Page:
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Vulnerable Clients - practical steps for financial advisers

There are three key areas that advisers and adviser firms should consider.

Vulnerable Clients - practical steps for financial advisers

Louis Coke

in Features


At the core of any financial services business should be the guiding principle to act in the best interests of your clients. Aside from being obvious good practice, this is also a regulatory requirement and serious issues have been highlighted in this area by the Financial Conduct Authority (FCA). In the FCA’s 2015 Occasional Paper on vulnerable clients problems were identified at every stage of the client journey. Policy and systems design failings were cited, alongside a lack of sufficient staff training and ineffective approaches to dealing with customers.

Having recognised this weakness, the industry has been working hard to catch up. Training has already vastly improved in this area, with dedicated modules such as the CISI’s ‘Vulnerable Clients’ now available for member firms to use.

Before we cover the practical steps for advisers, we must first consider what constitutes a vulnerable client. The FCA defines a vulnerable client as someone who ‘due to their personal circumstances, is especially susceptible to detriment, particularly when a firm is not acting with appropriate levels of care’. This regulatory definition can lead to quite broad interpretation, and a tick-box exercise will never provide an advisor with sufficient detail to allow them to protect and to adequately serve a vulnerable client. It is important to note that this status will include both clients who are what we might consider short-term vulnerable (e.g. recently divorced or bereaved) and long-term vulnerable (e.g. illness, dementia). In the retail client space we are in the very fortunate position to be entrusted with often a significant amount of a client’s wealth and as such, it is pivotal that we can accurately judge whether they could be deemed vulnerable.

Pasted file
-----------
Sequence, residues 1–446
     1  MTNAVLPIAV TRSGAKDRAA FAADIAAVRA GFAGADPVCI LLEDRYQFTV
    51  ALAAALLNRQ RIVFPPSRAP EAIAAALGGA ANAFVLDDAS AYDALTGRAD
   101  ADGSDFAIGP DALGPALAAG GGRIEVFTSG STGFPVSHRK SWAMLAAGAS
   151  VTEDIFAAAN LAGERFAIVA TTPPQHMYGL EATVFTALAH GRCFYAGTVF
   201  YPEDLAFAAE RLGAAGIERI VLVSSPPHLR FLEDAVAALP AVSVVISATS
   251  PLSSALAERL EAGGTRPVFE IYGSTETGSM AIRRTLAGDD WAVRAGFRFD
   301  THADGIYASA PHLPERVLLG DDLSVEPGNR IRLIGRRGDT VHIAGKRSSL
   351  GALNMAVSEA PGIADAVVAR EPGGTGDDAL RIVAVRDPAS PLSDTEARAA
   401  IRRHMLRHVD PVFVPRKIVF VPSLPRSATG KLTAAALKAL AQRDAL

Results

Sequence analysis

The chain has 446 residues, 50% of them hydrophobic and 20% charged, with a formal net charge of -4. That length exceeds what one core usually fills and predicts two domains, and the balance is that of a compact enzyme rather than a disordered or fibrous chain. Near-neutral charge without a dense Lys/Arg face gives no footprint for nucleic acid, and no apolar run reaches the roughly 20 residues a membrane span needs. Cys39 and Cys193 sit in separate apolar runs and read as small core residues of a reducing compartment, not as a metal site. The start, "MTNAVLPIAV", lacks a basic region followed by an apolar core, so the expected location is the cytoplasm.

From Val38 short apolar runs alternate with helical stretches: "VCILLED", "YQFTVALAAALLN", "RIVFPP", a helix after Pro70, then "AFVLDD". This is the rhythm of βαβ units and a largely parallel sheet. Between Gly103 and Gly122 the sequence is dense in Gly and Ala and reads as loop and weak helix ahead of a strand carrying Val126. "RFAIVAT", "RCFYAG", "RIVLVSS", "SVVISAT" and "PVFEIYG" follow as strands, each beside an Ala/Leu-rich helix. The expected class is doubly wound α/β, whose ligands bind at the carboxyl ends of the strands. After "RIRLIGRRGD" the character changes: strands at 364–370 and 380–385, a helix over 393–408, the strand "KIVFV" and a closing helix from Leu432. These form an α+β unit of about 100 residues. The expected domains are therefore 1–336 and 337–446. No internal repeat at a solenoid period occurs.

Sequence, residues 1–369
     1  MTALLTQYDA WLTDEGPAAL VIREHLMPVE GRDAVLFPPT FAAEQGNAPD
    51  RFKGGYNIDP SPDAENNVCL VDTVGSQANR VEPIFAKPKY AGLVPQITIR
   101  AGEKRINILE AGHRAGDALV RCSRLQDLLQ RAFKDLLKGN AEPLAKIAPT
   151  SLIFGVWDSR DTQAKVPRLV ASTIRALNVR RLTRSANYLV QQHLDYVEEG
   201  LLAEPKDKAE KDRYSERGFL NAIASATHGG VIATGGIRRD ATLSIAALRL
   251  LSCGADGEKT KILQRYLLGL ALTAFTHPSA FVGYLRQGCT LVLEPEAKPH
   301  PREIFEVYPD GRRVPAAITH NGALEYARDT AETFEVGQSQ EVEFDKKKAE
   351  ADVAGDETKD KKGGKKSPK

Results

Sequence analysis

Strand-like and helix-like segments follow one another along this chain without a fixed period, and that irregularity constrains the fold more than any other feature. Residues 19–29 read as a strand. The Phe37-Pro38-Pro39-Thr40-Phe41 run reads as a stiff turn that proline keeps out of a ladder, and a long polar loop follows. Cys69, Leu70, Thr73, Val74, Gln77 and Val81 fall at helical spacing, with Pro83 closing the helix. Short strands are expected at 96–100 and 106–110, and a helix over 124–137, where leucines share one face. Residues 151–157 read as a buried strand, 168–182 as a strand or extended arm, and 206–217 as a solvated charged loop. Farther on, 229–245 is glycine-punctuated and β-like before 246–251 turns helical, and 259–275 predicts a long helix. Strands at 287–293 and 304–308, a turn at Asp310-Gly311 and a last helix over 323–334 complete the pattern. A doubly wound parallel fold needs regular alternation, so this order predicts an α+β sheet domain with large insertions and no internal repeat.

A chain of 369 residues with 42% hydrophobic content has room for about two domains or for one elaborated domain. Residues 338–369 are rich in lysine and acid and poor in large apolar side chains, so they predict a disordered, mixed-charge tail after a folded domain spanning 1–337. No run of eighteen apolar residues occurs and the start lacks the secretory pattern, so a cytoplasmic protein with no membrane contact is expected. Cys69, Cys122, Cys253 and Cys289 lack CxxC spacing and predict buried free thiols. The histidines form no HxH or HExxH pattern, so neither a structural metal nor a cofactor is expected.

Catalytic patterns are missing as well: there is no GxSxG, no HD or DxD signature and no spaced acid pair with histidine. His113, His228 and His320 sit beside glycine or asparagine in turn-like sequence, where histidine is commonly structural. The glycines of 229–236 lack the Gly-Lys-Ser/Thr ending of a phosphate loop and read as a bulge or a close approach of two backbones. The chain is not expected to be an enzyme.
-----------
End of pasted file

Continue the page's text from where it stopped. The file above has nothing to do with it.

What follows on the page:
There are three key areas that advisers and adviser firms should consider:

  • Educate staff - CPD modules, internal training, external training, circulation of FCA papers and sharing good ideas across the organisation. Identifying vulnerability is a good first step, however the greater challenge can often be around deciding what practical steps can be taken to ensure vulnerable clients are appropriately serviced. You may well find that staff members have friends or family who would be classed as ‘vulnerable’ and therefore are able to offer first-hand experience.
  • Robust systems for recording vulnerability - knowing which of your clients may be considered vulnerable is a good start, but you must then ensure your firm has a way of recording this information so it can be used. For example, when a client calls the office or a meeting pack is produced, could there be a marker on the file to clearly indicate vulnerable status?
  • Flexible processes when catering for vulnerable clients – as we learn more about the broad range of clients who may be considered vulnerable, we find that they often need to be serviced in slightly different ways. For example, we may need to send letters in larger type or perhaps change the language used to remove jargon and explain investment terms in more detail. We might also volunteer the idea that a trusted family member or friend be present at annual review meetings.

I hope this article is a good high-level guide for advisers as to what they should consider when dealing with those who may be considered ‘vulnerable’ and offers some useful, practical steps firms can take.

Further resources can be found below:

FCA Occasional Paper No.8 – Consumer Vulnerability

PFS Good Practice Guide: Meeting the needs of vulnerable clients

Just Technical Bulletin – How to identify vulnerable clients


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